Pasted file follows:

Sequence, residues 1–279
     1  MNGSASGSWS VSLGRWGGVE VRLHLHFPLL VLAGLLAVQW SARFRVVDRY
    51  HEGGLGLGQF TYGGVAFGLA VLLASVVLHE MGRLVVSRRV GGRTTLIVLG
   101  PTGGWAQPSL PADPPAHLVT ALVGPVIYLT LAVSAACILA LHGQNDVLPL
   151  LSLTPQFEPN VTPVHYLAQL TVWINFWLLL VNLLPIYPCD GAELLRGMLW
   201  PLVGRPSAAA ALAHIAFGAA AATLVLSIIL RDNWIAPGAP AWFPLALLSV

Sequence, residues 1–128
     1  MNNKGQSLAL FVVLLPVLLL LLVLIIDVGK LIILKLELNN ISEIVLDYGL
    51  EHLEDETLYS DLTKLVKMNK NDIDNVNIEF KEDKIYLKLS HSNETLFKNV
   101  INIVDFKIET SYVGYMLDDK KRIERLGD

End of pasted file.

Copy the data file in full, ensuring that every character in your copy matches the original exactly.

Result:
Sequence, residues 1–279
     1  MNGSASGSWS VSLGRWGGVE VRLHLHFPLL VLAGLLAVQW SARFRVVDRY
    51  HEGGLGLGQF TYGGVAFGLA VLLASVVLHE MGRLVVSRRV GGRTTLIVLG
   101  PTGGWAQPSL PADPPAHLVT ALVGPVIYLT LAVSAACILA LHGQNDVLPL
   151  LSLTPQFEPN VTPVHYLAQL TVWINFWLLL VNLLPIYPCD GAELLRGMLW
   201  PLVGRPSAAA ALAHIAFGAA AATLVLSIIL RDNWIAPGAP AWFPLALLSV

Sequence, residues 1–128
     1  MNNKGQSLAL FVVLLPVLLL LLVLIIDVGK LIILKLELNN ISEIVLDYGL
    51  EHLEDETLYS DLTKLVKMNK NDIDNVNIEF KEDKIYLKLS HSNETLFKNV
   101  INIVDFKIET SYVGYMLDDK KRIERLGD